Last week I was walking along a beach, around midnight
looking out to sea and observed a distant thunderstorm - It was too far
away to hear the thunder. The lightning flashes were distinctly yellow
rather than the normal blue-white color. I asked others from the local
town and villages about it and they also confirmed that it was a strong
yellow color. Can you explain why this was, and why lightning is
normally blue-white and not some other color?
You basically explained why the color was yellow
by saying that the thunderstorm was far away.
Just as the moon appears yellow when near the
horizon, the shorter wavelengths of the light
from the lightning were scattered out by the
atmosphere, leaving the longer wavelengths
(yellow, red) to be seen. The sun, when
right on the horizon, sometimes appears red
because there is sufficient water vapor,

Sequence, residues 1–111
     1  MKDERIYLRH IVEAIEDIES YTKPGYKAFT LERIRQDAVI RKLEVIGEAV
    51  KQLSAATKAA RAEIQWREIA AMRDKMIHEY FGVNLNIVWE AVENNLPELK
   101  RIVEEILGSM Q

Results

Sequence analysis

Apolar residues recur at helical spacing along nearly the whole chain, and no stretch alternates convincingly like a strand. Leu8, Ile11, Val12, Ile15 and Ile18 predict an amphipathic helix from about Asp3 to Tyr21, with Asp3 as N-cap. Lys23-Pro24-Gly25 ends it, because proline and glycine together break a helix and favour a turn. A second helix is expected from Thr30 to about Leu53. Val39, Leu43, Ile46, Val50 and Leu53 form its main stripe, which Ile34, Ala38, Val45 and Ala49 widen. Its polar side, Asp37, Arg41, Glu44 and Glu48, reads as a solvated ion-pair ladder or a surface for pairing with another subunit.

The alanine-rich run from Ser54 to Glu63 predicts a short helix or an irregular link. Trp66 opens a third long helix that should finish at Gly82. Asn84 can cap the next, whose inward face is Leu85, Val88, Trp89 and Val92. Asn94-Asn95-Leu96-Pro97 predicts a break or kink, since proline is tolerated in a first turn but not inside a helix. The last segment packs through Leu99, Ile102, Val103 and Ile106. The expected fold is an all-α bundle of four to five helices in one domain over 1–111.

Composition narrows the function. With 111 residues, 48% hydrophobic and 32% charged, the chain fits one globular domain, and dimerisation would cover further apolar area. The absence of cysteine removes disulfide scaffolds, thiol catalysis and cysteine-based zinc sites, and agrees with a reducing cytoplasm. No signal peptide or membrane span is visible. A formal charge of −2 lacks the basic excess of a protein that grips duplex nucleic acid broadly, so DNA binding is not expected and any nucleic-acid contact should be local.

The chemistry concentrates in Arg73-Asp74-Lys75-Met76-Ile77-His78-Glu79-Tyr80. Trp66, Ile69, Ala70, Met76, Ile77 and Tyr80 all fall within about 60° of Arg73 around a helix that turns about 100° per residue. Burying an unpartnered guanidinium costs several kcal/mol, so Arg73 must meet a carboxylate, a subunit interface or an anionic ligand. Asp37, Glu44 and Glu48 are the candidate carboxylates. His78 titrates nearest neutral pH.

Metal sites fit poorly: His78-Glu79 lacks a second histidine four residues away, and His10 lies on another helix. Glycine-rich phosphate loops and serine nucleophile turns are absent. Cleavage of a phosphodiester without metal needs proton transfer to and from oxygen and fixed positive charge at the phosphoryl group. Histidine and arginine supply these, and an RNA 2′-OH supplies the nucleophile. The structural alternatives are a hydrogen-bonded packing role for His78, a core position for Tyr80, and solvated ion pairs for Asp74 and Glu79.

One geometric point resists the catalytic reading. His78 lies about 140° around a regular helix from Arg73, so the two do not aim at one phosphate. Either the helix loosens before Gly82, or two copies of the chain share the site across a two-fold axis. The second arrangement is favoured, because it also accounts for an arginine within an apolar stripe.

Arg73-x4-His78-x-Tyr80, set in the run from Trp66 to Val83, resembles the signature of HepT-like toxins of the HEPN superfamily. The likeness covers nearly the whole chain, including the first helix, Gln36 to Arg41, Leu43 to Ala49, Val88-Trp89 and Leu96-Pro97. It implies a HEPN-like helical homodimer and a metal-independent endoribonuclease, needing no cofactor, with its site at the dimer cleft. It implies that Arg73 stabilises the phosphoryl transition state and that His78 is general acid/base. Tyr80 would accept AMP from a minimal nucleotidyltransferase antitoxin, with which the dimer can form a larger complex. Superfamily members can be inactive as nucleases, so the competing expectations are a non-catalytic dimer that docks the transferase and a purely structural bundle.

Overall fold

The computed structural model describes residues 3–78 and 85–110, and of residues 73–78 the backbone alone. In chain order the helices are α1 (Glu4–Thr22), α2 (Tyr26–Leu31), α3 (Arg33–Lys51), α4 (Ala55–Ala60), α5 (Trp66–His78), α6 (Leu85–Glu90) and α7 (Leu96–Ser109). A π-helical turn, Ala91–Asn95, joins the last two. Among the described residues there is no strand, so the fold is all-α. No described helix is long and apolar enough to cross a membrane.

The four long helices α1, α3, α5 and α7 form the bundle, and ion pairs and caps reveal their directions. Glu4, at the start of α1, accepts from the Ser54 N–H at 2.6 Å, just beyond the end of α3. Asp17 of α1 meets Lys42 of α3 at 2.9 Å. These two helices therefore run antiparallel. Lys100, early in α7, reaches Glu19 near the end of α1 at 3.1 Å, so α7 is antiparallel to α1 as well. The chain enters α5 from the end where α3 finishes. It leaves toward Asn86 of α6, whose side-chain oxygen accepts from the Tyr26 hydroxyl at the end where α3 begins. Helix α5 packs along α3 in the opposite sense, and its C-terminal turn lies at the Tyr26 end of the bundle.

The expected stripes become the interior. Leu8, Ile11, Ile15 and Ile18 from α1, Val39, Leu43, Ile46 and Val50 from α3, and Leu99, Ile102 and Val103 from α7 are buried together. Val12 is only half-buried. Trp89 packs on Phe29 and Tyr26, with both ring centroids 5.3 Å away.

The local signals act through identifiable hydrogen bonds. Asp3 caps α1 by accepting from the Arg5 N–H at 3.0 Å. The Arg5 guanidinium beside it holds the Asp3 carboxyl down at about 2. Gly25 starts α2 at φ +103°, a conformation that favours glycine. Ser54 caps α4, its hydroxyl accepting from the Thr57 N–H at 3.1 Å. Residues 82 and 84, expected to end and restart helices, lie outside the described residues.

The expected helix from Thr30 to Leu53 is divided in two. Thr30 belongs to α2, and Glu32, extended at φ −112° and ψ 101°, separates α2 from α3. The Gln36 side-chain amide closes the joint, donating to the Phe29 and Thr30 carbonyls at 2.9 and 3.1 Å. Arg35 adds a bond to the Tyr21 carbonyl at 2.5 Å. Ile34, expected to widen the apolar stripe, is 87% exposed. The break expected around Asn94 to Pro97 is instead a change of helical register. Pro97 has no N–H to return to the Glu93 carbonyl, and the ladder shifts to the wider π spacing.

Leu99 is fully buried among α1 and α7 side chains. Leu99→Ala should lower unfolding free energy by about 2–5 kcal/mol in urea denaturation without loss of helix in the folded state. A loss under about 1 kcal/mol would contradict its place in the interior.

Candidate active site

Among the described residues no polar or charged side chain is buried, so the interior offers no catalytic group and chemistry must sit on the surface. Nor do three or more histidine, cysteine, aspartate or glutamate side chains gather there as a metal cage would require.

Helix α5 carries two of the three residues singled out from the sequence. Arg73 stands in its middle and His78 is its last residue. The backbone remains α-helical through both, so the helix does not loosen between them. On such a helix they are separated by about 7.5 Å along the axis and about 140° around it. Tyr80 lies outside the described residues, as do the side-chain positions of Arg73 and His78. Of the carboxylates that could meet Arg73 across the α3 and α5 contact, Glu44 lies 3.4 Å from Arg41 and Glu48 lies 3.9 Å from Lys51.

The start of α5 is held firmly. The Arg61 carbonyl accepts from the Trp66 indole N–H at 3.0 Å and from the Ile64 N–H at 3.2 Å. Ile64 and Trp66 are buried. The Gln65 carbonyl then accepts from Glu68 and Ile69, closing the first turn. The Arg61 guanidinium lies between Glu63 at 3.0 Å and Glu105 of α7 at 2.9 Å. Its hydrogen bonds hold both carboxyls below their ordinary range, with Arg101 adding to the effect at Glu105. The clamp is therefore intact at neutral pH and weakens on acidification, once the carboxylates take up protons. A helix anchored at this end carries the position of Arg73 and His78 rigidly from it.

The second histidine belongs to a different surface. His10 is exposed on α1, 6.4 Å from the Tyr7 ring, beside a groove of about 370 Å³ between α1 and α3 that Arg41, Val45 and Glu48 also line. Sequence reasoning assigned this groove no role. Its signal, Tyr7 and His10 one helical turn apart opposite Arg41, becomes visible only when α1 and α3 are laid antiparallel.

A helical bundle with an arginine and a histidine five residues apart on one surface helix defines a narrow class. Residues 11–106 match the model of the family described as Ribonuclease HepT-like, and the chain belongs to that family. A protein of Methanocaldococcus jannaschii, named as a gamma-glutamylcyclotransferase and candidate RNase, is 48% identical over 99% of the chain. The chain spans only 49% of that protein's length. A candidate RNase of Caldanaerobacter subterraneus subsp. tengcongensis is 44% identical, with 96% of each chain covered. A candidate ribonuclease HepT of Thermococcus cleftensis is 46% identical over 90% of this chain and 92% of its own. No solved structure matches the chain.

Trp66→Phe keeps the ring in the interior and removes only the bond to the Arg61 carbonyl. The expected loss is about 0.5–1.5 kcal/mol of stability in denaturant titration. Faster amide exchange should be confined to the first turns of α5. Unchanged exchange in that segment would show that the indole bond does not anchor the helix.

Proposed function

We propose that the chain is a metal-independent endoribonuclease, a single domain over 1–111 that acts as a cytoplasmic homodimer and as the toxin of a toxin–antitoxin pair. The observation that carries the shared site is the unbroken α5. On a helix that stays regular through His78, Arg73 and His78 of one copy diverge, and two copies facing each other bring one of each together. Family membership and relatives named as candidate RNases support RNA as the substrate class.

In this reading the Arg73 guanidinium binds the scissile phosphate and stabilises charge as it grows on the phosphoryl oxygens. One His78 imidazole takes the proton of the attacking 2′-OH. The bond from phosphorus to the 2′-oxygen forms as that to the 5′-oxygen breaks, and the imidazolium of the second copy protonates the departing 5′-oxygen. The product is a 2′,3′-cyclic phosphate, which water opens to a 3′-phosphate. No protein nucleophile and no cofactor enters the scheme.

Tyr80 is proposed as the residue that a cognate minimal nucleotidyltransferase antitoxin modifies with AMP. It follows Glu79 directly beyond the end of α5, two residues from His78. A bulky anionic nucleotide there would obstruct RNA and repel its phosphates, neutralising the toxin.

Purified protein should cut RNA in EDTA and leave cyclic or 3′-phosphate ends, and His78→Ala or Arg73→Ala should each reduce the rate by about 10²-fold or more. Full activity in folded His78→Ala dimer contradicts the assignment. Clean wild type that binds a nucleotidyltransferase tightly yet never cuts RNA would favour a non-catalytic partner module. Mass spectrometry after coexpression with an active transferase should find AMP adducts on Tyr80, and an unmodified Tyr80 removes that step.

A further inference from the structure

aerosols, and other pollutants to scatter
out even yellow light. The lightning, being
both far away and in proximity to a lot of
water vapor and water droplets (over the ocean
and associated with a storm) was seen as yellow.
As far as the color of lightning, even when
seen close, natural lightning usually appears
somewhat yellowish. I have only seen the
blue-white color that you describe when I
witnessed a man-made spark, and particularly
when it was in pure air or another gas,
having no contaminants. The contaminants
in natural air scatter the short wavelengths,
leaving a pale yellow tinge to the light.
Having performed lightning research both for
natural and triggered lightning and large
sparks outdoors, I have to say that I have never
seen pure white lightning outdoors.
I hope that these explanations help.
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Update: June 2012